Sign Up for our Free Daily Email Updates
SpiritualDirection.com / Catholic Spiritual Direction

Why Do We Sin?

December 19, 2013 by  
Filed under Fr. Fortea, Sin, Spiritual Warfare, Temptation

Dear Father Fortea, why do we sin?

We sin because, due to the effects of original sin, our wills have been weakened, and we give in to temptation. When we are tempted, we must choose between two options: doing good or doing evil, committing a sin or living in virtue. In temptation, the will has to choose between two options; it knows that one option is good and the other evil but feels attracted to choose the bad.

Why do we sin?Temptation is not a defect of the intellect. If we did not know that a particular action was sinful, we would be ignorant and not guilty – subjectively speaking – of committing sin. To sin, we must know that we are choosing evil.* There is no sin without a bad conscience. This is what makes sin so interesting from the intellectual point of view: Why do we choose an evil knowing that it is evil? This is a real mystery.

The simple answer (but one which does not fully explain the matter) is that we sin due to weakness. While this is true, it is also true that we are not so weak that we are unable to resist temptation. God gives us the grace to do what is right and to grow in virtue – if we choose to live in His grace and allow it to increase within us through obedience to His will, and through prayer and the sacraments. If we were not capable of resisting temptation, we would have no moral responsibility, i.e., there would be no sin because we would have no choice. Sin requires us to consciously choose to do wrong. Therefore, although we are weak, we can always resist. We cannot excuse ourselves by claiming ignorance of the intellect or weakness of the will. We do evil because we want to.

It could be said that we do evil for the good we get from it. But the intellect, on some level, knows that any good we derive from sin is a “poisoned apple” – it will taste good in our mouths, but it will be sour in our stomachs. For example, we may choose to drink alcohol excessively on a particular occasion because we want to “feel no pain” and want to “drown our sorrows.” But this “good” holds a lot of bad within it. No matter how attractive the “good” of a particular sin appears to be, our conscience tells us: “Don’t do it.” To say that we do evil because it appears to be good is an explanation for why we sin, but sin and evil remain somewhat of a mystery. Perhaps the “poisoned apples” we often eat – despite knowing them to be poisoned – can never be explained completely in this life.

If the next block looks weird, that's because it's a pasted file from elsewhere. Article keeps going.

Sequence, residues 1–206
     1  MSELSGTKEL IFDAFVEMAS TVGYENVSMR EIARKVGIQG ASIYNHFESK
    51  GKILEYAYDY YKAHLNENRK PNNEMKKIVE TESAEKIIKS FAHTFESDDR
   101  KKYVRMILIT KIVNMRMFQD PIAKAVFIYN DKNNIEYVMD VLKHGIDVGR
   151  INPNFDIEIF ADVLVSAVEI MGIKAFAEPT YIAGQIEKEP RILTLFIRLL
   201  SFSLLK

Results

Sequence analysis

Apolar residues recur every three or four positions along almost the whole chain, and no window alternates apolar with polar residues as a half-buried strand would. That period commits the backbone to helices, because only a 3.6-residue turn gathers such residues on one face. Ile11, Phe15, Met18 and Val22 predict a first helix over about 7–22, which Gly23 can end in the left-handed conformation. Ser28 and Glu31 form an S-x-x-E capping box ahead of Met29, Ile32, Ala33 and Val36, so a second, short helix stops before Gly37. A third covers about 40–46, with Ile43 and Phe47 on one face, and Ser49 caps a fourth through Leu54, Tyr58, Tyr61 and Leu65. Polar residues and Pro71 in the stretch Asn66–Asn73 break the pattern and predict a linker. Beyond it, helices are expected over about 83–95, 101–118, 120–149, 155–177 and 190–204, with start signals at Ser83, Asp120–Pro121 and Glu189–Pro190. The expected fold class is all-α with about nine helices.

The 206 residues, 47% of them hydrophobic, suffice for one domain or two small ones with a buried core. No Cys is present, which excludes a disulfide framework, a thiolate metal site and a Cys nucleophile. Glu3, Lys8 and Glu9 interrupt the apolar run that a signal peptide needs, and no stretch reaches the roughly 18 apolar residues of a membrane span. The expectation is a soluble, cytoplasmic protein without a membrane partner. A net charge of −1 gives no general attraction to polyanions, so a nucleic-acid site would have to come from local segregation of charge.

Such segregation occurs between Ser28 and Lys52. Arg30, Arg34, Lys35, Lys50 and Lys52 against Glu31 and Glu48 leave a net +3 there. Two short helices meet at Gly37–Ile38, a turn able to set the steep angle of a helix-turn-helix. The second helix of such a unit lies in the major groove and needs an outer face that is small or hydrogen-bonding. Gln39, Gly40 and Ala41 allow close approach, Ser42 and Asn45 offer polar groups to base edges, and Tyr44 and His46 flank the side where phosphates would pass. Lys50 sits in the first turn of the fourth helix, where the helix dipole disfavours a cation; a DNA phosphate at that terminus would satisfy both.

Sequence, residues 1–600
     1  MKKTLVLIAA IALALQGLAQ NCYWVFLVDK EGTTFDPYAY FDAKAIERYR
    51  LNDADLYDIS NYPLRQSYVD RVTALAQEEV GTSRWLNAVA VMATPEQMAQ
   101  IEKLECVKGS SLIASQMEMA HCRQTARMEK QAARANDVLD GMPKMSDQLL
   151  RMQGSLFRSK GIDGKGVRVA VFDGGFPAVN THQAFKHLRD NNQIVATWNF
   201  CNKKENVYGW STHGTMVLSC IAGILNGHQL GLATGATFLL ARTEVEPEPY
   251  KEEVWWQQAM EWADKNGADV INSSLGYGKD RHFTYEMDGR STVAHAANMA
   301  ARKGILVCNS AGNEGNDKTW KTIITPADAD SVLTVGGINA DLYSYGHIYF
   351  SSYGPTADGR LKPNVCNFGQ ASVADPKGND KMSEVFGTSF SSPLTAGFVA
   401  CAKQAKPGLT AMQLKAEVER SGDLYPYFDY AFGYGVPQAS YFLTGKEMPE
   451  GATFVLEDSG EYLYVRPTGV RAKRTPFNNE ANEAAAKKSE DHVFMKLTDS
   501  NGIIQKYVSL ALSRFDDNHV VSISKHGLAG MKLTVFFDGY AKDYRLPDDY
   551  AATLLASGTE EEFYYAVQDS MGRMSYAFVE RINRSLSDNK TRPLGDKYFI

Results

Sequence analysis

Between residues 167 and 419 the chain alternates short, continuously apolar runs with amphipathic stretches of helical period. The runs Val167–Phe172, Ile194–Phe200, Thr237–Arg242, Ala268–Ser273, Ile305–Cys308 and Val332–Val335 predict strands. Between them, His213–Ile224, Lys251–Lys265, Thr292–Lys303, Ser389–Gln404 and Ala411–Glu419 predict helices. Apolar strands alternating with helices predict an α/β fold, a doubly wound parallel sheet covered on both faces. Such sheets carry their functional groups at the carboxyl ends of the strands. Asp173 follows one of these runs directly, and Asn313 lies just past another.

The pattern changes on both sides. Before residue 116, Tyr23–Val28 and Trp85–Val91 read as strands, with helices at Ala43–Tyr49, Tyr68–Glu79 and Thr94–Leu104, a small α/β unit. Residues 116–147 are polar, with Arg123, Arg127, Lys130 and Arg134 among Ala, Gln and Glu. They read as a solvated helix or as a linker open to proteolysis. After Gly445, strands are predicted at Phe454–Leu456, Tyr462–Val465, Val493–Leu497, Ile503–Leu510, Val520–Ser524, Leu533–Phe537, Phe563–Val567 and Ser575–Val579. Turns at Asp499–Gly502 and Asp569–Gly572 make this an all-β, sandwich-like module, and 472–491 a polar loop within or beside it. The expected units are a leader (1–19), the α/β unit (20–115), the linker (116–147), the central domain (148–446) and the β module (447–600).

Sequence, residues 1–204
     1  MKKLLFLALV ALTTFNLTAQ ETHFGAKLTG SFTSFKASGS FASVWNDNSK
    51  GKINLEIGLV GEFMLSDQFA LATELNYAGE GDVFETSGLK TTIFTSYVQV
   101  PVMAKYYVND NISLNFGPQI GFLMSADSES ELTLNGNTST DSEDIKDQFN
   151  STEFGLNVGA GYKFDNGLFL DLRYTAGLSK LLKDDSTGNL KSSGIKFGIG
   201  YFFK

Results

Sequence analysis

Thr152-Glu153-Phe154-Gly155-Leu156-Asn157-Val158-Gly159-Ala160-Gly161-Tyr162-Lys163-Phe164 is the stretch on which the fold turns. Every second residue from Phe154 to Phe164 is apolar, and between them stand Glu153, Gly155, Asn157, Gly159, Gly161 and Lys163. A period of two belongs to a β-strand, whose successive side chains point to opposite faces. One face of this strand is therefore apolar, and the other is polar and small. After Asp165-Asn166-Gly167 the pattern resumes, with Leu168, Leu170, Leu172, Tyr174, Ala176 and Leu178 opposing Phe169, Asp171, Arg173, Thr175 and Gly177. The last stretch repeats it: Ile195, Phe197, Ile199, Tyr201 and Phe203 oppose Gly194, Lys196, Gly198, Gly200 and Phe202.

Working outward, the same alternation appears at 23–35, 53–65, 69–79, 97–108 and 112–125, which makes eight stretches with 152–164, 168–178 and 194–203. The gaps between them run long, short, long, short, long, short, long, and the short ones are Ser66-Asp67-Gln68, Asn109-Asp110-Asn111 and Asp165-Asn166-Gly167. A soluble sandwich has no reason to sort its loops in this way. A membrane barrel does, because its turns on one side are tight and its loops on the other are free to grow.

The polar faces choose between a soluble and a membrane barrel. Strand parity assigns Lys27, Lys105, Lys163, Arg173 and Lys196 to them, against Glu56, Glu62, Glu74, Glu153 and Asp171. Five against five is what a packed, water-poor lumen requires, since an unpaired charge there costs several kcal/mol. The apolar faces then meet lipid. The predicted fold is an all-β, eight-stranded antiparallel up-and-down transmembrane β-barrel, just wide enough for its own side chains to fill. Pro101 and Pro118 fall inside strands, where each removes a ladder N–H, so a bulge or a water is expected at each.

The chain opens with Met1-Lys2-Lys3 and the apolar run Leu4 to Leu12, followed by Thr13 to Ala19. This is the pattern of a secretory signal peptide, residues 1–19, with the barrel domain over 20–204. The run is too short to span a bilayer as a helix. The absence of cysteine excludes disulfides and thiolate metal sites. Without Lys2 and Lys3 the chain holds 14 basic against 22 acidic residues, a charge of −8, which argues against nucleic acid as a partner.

* Note: Since evil often presents itself as something good, we need to have a well-formed conscience, i.e., one that is formed in accord with the teachings of the Church and right reason (see CCC 1783 – 1785).

Editor’s Note:  To learn more about spiritual warfare and demonology, Catholic Spiritual Direction recommends Fr. Fortea’s excellent book, Interview With An Exorcist – An Insider’s Look at the Devil, Demonic Possession, and the Path to Deliverance.

+

Art for this post on Why Do We Sin?: Vipera ammodytes, photographed by Haplochromis, September 2006 own work, CCA-SA 3.0 Unported, Wikimedia Commons.

Print Friendly, PDF & Email

About Fr. Jose Antonio Fortea

Father José Antonio Fortea is not only an exorcist, but also a writer, and parish priest. He once thought he would lead what he has termed ordinary life as an attorney in Madrid, much as his father did before him, but sensed instead a vocation to the priesthood in his adolescent years. A theology graduate of Navarre University in Spain, Father Fortea wrote a thesis there on exorcism. He has been a practicing exorcist for several decades.

please consider supporting our mission with a donation!

  • Pat Payne

    Father, the “poisoned apple” concept you’re talking about reminds me of an old saying: “Insanity is doing the same thing over and over again and expecting a different result.”

    And I’ve seen that in my own life. I commit the same sins over and over again, thinking that “this time” it’ll make me happy. It doesn’t.

  • Jeanette

    Jesus came down from Heaven, from the bosom of the Father, to be with us, to suffer with and for us and save us for Heaven. The Word was made flesh and dealt amongst us! We should keep this as a meditation with all its wonderful implications during the Advent Season. This will help us keep on track and keep us in the way of Truth and to avoid temptation against us! It is important to meditate on this for the Advent Season. Wishing you a Merry & Blessed Christmas!

Skip to toolbar